E-commerce continues to represent a growing chunk of total US retail sales. Representing an average of eight percent of total US retail sales for the first half of 2016 (compared to 7.1% for the same period in 2015), e-commerce has prompted not only changes in the way retail is performed, it is also changing each component of the supply chain. Demand for faster delivery times has resulted in vast changes in warehousing and fulfillment operations. One area that has seen growth is the demand for warehousing facilities.
Location, Location, Location
Logistics hubs similar to the Inland Empire located in California are being replicated in other areas, including the Lehigh Valley area in Pennsylvania; Frankfurt, Germany; and Hangzhou, China. Characteristics of such hubs include proximity to large populations, good transportation infrastructure, and presence of large businesses. Hangzhou, China is a bit different. Home to Alibaba, Hangzhou was the first city in China to receive approval for a cross-border pilot zone specializing in e-commerce. As a result, government officials consider Hongzhou the starting point of the “Internet Silk Road.”
According to Green Street Advisors, e-commerce alone is responsible for 20% of current demand for warehouse space in the US – and these aren’t small facilities. In some instances, they can exceed one million square feet.
Amazon has led the way, regularly announcing new facilities that are closer to its customers. In fact, Amazon added 18 fulfillment centers in the third quarter of 2016 alone. Retailers and logistics providers including DHL, FedEx, and UPS are following in the e-commerce giant’s footsteps as well and have announced similar investments along with expansion plans of existing facilities.
These warehouses and fulfillment operations are different from those that have been around for years. Previous fulfillment business models focused on low-cost labor and real estate in centralized locations within a country. Instead, these new operations are more focused on automation and are responding to the growing e-commerce influence.
According to real estate property management company Prologis, online retailers require three times the logistics real estate to meet needs such as:
· Wider product variety than in-store.
· Greater inventory levels.
· Individual product picking and larger outbound shipping space requirements.
· Increased reverse logistics and returns processing.
Automating the Fulfillment Facility
Inside the facilities, equipment updating, the increasing use of robots, and testing of drones, along with augmented reality, are taking place. Earlier this year, DHL completed a pilot test for collaborative automated order picking in its warehouse in Germany. The test involved a robot from the French start-up Effidence and is a fully automated trolley that follows pickers through the warehouse and handles most of the physical work. During the test, two robots supported the pickers by carrying the weight and automatically dropping off the orders once fully loaded.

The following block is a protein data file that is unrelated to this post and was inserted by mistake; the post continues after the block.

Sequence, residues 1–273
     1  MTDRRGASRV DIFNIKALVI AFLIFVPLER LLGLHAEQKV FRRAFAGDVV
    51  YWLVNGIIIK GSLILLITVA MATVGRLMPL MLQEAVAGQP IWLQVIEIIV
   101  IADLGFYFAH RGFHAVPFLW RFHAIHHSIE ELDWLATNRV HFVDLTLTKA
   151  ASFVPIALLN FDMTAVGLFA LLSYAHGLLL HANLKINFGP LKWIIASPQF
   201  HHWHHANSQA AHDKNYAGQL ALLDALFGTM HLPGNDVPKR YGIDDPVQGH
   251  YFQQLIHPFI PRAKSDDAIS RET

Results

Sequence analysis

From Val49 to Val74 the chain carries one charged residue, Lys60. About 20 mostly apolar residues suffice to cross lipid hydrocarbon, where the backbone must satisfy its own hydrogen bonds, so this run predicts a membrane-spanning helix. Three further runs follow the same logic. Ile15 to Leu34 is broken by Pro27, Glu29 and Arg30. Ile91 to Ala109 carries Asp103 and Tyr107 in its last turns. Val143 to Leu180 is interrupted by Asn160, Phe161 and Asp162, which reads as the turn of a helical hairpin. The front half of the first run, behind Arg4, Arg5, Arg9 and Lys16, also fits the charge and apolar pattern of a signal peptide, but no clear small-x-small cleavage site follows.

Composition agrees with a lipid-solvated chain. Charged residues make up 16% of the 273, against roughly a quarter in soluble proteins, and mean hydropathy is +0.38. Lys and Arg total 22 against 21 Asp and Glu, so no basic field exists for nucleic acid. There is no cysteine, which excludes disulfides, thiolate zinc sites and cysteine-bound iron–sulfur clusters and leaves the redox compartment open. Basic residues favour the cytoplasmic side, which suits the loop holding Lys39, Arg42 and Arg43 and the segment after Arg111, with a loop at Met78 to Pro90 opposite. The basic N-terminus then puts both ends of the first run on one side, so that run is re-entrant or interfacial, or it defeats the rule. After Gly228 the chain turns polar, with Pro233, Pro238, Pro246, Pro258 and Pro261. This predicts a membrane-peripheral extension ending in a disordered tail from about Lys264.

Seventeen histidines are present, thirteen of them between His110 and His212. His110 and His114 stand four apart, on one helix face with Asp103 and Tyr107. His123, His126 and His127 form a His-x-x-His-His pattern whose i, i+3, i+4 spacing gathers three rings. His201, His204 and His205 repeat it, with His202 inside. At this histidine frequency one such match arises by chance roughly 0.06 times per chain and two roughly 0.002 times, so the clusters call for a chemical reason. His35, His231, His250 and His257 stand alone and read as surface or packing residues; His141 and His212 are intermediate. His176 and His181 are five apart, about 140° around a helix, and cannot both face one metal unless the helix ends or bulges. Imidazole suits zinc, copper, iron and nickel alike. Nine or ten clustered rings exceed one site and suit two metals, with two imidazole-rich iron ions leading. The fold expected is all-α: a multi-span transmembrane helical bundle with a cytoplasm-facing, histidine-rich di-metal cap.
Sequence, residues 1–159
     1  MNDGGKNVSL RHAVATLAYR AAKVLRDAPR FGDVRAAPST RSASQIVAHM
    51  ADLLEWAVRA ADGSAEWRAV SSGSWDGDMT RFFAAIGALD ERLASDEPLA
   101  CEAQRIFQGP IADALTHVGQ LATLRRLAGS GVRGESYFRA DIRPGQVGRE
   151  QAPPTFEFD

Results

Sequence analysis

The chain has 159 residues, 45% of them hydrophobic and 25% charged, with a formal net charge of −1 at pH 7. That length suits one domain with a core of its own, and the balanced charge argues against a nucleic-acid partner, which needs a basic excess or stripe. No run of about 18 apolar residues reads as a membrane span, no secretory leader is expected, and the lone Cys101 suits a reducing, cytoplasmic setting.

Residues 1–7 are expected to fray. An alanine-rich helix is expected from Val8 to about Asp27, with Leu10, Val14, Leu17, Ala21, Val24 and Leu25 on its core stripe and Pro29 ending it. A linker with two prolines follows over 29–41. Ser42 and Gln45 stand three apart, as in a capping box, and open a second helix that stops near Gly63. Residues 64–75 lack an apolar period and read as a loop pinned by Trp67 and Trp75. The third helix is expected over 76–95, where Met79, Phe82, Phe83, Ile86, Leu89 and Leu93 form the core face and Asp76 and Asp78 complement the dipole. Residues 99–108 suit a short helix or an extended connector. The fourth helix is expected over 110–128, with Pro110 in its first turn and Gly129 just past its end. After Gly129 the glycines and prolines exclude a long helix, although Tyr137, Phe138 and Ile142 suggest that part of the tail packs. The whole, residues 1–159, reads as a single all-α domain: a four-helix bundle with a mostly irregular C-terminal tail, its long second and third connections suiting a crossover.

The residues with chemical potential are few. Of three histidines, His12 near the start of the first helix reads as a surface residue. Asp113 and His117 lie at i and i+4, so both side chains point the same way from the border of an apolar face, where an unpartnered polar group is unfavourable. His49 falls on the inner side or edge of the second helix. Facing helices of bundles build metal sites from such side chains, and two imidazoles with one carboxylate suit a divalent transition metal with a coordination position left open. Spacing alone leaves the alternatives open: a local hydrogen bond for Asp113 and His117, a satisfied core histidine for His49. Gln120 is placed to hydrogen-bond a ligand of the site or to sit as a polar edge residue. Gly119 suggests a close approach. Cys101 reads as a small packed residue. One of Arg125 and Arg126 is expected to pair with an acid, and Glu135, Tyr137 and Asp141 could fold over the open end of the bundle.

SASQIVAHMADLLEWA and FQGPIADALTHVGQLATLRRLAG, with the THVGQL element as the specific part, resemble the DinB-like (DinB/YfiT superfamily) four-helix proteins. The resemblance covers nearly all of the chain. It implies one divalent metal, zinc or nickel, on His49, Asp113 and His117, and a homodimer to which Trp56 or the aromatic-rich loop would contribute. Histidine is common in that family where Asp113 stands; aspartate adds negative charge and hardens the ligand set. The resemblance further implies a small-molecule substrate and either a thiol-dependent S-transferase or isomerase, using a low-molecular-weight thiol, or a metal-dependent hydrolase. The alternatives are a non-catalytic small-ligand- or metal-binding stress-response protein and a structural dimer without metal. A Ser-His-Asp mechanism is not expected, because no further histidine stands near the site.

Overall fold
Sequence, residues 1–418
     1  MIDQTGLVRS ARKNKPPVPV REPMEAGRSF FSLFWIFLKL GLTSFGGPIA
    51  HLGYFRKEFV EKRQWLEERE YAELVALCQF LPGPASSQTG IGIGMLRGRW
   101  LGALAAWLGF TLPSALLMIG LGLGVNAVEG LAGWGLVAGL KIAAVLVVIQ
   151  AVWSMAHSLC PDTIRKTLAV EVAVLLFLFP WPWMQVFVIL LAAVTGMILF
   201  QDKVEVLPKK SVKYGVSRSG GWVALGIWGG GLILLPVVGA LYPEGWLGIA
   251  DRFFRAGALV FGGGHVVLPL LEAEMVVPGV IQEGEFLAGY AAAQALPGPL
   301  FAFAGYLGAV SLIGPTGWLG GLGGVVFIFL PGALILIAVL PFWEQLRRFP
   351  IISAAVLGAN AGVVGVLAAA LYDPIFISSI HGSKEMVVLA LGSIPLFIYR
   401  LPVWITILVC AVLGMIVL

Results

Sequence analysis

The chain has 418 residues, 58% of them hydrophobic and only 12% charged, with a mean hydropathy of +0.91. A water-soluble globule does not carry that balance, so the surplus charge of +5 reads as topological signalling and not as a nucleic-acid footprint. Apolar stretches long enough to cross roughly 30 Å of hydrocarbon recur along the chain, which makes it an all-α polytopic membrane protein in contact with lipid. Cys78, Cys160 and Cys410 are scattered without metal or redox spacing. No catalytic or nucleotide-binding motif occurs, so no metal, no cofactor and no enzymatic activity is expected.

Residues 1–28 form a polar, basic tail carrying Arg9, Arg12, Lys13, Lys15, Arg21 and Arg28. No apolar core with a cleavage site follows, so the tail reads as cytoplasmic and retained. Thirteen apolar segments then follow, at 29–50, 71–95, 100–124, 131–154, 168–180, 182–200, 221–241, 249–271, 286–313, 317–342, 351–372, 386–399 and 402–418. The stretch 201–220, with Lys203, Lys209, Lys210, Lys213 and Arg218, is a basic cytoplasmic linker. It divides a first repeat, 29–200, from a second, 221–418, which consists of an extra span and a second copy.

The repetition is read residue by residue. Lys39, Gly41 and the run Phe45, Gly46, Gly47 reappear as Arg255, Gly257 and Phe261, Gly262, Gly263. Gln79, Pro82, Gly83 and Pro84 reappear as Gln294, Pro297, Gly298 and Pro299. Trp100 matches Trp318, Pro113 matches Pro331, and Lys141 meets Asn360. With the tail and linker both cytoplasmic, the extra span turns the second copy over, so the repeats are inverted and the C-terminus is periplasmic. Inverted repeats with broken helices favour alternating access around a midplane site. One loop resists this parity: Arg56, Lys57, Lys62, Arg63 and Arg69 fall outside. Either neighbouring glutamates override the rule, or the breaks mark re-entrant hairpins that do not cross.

Additionally, DHL has also conducted tests utilizing augmented reality. Equipped with smart glasses, employees navigate through the warehouse along optimized routes via the glasses’ graphics display, enabling them to find the correct quantity and item. According to the company, the use of augmented reality increased the overall picking efficiency by 25%.
Drones within the warehouse are being tested by a number of companies. French-based Geodis is testing the use of drones to count and report inventory at its warehouse near Paris. The test combines the use of a drone with a ground-based robot. The system features indoor geolocation technology that functions autonomously during the hours when the site is closed.
Walmart is also testing this technology. In late 2015, the retailer applied to U.S. regulators for permission to test drones for home delivery, curbside pickup, count warehouse inventories, and to fill and deliver online orders. The remotely controlled drone captures 30 frames per second of products on aisles and alerts the user when product is depleted or incorrectly stocked.
Just a few years ago, a retailer had only a few options when it came to fulfillment. Either do it themselves or outsource to a 3PL or to a niche player. Today, there are many alternative solutions. For example, startups such as South Africa’s cloud-based warehouse and logistics provider, Parcel Ninja, utilize technology to manage fulfillment and delivery services. Shipwire, acquired by Ingram Micro in 2013, is another cloud-based fulfillment and delivery provider. It has warehouses around the world and provides numerous shipping options, pick and pack, labeling, and returns management.
In addition, Flexe offers on-demand warehousing. Describing the service as ‘pop up fulfillment’, Flexe notes that such a solution can be useful during promotional or peak periods when sales volumes peak, putting strain on existing infrastructure.
Fulfillment by Online Marketplace
Online marketplaces, made popular by such providers like Amazon, e-Bay, Flipkart, and Alibaba’s Tmall, represent additional options for order fulfillment. These marketplaces allow third-party sellers to leverage the providers’ warehouse infrastructure, potential shipping discounts, and placement preference on the providers’ website. Some retailers will use this solution to expand into new markets such as India or China.
Numerous Options Exist
Warehousing is moving closer and closer to customers while fulfillment services undergo dramatic changes thanks to new technology and the growth of e-commerce. There are many options available to retailers, and like everything else in the supply chain, there is no “one size fits all,” so retailers need to determine the best solutions to meet their needs.